This historic book may have numerous typos and missing text. Purchasers can usually download a free scanned copy of the original book from the publisher. Not indexed. Not illustrated. 1865 edition. Excerpt:... PART II. BERKELEY'S PHILOSOPHY: SECTION XIV. Bishop Berkeley is best known by the system of idealism developed by him. This theory is unfolded in two works, called "The Principles of Human Knowledge/' and "Three Dialogues between Hylas and Philonous."t If it were not for this system, the name (...)
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  13. Prescribing Institutions Without Ideal Theory.David Wiens - 2012 - Journal of Political Philosophy 20 (1):45-70.
    It is conventional wisdom among political philosophers that ideal principles of justice must guide our attempts to design institutions to avert actual injustice. Call this the ideal guidance approach. I argue that this view is misguided— ideal principles of justice are not appropriate "guiding principles" that actual institutions must aim to realize, even if only approximately. Fortunately, the conventional wisdom is also avoidable. In this paper, I develop an alternative approach to institutional design, which I call institutional (...)
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  14. Ideal Theory and "Ought Implies Can".Amy Berg - 2018 - Pacific Philosophical Quarterly 99 (4):869-890.
    When we can’t live up to the ultimate standards of morality, how can moral theory give us guidance? We can distinguish between ideal and non-ideal theory to see that there are different versions of the voluntarist constraint, ‘ought implies can.’ Ideal moral theory identifies the best standard, so its demands are constrained by one version. Non-ideal theory tells us what to do given our psychological and motivational shortcomings and so is constrained by (...)
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  15.  77
    Beyond Ideal Theory: Foundations for a Critical Rawlsian Theory of Climate Justice.Paul Clements & Paul Formosa - forthcoming - New Political Science:1-20.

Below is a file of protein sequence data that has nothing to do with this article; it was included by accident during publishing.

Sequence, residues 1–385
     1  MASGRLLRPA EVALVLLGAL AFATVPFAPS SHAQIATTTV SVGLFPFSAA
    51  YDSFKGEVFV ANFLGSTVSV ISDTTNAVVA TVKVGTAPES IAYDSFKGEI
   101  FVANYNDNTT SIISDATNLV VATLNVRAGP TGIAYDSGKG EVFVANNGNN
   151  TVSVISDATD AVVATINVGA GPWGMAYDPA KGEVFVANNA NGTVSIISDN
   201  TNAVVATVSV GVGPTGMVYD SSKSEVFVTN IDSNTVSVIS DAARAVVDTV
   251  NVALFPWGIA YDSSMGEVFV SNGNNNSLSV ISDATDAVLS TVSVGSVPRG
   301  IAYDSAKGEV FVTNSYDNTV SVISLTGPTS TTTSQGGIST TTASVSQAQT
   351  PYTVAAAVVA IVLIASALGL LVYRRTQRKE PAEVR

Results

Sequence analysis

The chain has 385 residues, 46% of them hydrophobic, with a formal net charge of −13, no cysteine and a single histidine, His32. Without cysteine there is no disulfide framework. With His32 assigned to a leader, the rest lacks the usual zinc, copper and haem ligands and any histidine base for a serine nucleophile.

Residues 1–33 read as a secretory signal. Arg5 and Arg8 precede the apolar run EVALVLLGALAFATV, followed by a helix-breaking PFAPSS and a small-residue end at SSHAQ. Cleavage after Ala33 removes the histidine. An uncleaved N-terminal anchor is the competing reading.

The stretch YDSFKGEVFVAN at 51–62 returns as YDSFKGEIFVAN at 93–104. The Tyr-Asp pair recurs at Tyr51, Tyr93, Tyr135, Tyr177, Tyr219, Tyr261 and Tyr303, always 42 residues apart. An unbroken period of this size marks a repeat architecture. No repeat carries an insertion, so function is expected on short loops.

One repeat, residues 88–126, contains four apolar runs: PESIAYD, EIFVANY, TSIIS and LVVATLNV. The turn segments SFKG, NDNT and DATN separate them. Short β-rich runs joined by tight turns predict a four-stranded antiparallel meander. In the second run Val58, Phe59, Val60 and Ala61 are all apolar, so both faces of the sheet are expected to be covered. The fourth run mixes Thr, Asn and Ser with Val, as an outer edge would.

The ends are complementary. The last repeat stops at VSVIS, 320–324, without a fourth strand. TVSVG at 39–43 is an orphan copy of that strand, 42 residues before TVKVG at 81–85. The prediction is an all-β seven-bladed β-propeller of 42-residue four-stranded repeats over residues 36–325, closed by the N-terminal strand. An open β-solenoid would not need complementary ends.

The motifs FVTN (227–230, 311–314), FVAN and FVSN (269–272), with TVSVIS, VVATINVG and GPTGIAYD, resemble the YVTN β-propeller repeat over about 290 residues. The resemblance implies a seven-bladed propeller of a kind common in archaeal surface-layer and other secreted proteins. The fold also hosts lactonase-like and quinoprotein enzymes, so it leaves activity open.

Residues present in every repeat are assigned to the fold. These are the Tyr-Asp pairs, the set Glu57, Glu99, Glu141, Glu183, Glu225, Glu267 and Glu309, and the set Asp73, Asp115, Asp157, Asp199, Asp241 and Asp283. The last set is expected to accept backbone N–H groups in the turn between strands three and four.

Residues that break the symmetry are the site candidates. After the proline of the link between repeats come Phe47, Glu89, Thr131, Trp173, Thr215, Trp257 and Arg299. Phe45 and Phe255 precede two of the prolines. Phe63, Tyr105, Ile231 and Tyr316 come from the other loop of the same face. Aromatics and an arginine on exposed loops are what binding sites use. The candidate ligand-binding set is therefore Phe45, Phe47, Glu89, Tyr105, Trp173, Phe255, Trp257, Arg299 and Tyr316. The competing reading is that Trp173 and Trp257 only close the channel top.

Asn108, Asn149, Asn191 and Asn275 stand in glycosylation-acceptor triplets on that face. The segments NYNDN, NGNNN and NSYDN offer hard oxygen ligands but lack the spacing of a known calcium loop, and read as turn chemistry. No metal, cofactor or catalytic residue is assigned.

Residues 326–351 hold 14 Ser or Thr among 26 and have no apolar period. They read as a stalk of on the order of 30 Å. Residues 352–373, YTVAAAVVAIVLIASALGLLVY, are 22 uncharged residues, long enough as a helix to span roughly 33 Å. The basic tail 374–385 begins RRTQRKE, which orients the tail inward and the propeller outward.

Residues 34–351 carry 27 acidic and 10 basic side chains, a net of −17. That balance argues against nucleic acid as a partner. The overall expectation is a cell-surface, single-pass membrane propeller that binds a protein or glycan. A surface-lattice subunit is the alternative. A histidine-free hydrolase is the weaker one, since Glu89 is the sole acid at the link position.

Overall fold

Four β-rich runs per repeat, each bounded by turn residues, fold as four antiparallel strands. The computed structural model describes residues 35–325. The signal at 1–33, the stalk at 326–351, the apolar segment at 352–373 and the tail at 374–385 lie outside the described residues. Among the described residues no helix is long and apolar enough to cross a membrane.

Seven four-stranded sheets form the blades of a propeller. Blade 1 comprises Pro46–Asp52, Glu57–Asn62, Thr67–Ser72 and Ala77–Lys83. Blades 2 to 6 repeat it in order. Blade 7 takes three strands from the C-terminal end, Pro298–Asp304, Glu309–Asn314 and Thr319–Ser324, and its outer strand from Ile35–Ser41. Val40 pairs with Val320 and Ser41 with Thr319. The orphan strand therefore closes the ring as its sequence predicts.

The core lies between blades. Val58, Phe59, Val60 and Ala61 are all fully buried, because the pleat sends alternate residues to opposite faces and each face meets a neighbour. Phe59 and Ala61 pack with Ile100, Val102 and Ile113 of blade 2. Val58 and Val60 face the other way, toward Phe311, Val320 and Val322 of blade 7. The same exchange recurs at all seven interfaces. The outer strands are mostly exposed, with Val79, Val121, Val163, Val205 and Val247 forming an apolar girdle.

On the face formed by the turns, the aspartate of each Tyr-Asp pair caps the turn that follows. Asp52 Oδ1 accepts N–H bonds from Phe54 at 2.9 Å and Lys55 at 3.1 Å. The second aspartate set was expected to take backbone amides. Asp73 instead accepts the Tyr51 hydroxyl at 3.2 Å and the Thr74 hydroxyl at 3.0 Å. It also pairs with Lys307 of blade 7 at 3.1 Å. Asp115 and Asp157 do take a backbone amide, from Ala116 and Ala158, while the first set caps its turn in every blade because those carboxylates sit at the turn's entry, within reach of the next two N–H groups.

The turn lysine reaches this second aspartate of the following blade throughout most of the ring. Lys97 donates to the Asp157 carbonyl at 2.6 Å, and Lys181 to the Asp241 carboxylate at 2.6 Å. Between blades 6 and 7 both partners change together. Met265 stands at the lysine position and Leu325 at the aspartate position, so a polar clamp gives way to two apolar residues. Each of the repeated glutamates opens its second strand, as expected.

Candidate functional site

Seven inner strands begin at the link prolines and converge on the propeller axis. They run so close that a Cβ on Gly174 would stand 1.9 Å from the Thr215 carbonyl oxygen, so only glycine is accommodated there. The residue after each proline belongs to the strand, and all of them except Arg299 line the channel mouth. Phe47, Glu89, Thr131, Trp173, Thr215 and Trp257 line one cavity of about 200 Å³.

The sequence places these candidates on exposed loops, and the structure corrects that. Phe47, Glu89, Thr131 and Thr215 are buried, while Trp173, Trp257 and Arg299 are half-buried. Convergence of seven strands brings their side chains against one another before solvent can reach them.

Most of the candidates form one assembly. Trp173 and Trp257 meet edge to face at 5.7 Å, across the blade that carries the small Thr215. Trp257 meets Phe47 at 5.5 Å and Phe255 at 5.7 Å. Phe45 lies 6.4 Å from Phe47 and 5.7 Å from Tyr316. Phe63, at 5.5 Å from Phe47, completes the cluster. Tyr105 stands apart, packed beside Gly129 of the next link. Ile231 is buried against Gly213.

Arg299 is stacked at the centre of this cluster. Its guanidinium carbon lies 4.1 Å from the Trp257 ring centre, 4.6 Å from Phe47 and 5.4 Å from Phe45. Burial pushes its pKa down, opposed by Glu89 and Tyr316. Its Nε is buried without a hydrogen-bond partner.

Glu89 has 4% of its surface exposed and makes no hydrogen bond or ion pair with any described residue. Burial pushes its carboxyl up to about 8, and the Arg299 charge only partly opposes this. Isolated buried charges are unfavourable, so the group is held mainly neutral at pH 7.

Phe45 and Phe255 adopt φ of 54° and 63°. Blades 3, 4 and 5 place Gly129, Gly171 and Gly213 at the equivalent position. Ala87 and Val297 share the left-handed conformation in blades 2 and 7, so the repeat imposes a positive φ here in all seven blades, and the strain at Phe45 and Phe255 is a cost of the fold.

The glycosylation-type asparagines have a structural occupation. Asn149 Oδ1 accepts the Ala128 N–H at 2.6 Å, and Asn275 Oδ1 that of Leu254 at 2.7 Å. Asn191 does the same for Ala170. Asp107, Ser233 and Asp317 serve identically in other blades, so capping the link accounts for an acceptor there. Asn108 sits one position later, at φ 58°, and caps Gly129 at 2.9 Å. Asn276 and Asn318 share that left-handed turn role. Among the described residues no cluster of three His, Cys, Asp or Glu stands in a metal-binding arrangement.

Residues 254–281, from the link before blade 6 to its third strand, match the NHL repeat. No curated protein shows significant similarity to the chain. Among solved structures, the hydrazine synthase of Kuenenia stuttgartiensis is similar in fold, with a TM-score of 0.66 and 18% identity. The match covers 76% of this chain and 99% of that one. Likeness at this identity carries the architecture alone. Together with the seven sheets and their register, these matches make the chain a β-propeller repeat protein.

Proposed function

Rawls’s contractualist approach to justice is well known for its adoption of ideal theory. This approach starts by setting out the political goal or ideal and leaves it to non-ideal or partial compliance theory to map out how to get there. However, Rawls’s use of ideal theory has been criticized by Sen from the right and by Mouffe from the left. We critically address these concerns in the context of developing a Rawlsian approach (...)
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  16.  88
    Incomplete Ideal Theory.Amy Berg - 2019 - Social Theory and Practice 45 (4):501-524.
    What is the best way to make sustained societal progress over time? Non-ideal theory done on its own faces the problem of second best, but ideal theory seems unable to cope with disagreement about how to make progress. If ideal theory gives up its claims to completeness, then we can use the method of incompletely theorized agreements to make progress over time.
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  17. Climate Change and Non-Ideal Theory: Six Ways of Responding to Noncompliance.Simon Caney - 2016 - In Clare Heyward & Dominic Roser (eds.), Climate Justice in a Non-Ideal World. Oxford University Press. pp. 21-42.
    This paper examines what agents should do when others fail to comply with their responsibilities to prevent dangerous climate change. It distinguishes between six different possible responses to noncompliance. These include what I term (1) 'target modification' (watering down the extent to which we seek to prevent climate change), (2) ‘responsibility reallocation’ (reassigning responsibilities to other duty bearers), (3) ‘burden shifting I’ (allowing duty bearers to implement policies which impose unjust burdens on others, (4) 'burden shifting II’ (allowing some to (...)
     
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  18. Justice in Ideal Theory: A Refutation.Colin Farrelly - unknown
    Political philosophers have recently begun to take seriously methodological questions concerning what a theoretical examination of political ideals is suppose to accomplish and how effective theorising in ideal theory is in securing those aims. Andrew Mason and G.A. Cohen, for example, believe that the fundamental principles of justice are logically independent of issues of feasibility and questions about human nature. Their position contrasts sharply with political theorists like John Dunn and Joseph Carens who believe that normative theorising must (...)
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  19. Geoengineering and Non-Ideal Theory.David R. Morrow & Toby Svoboda - 2016 - Public Affairs Quarterly 30 (1):85-104.
    The strongest arguments for the permissibility of geoengineering (also known as climate engineering) rely implicitly on non-ideal theory—roughly, the theory of justice as applied to situations of partial compliance with principles of ideal justice. In an ideally just world, such arguments acknowledge, humanity should not deploy geoengineering; but in our imperfect world, society may need to complement mitigation and adaptation with geoengineering to reduce injustices associated with anthropogenic climate change. We interpret research proponents’ arguments as an (...)
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  20.  1